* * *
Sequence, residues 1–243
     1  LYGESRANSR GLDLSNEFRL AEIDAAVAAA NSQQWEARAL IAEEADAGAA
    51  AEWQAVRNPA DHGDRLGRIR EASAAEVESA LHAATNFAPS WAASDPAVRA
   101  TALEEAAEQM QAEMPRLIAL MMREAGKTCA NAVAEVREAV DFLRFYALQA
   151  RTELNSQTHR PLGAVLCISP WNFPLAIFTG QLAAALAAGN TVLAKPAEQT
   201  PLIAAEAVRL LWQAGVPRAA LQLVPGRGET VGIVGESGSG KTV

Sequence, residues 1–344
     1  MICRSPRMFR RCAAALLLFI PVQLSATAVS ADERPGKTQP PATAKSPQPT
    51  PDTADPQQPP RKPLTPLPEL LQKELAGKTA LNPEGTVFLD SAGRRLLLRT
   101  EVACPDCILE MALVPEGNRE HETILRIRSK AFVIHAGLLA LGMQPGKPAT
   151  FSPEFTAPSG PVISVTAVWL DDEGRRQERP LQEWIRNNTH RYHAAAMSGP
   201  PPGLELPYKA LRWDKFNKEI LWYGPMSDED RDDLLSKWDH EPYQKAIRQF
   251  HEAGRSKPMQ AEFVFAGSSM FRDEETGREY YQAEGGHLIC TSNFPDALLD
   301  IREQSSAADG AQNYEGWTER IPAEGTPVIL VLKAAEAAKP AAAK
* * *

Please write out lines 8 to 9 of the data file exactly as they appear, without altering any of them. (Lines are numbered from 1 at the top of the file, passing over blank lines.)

     1  MICRSPRMFR RCAAALLLFI PVQLSATAVS ADERPGKTQP PATAKSPQPT
    51  PDTADPQQPP RKPLTPLPEL LQKELAGKTA LNPEGTVFLD SAGRRLLLRT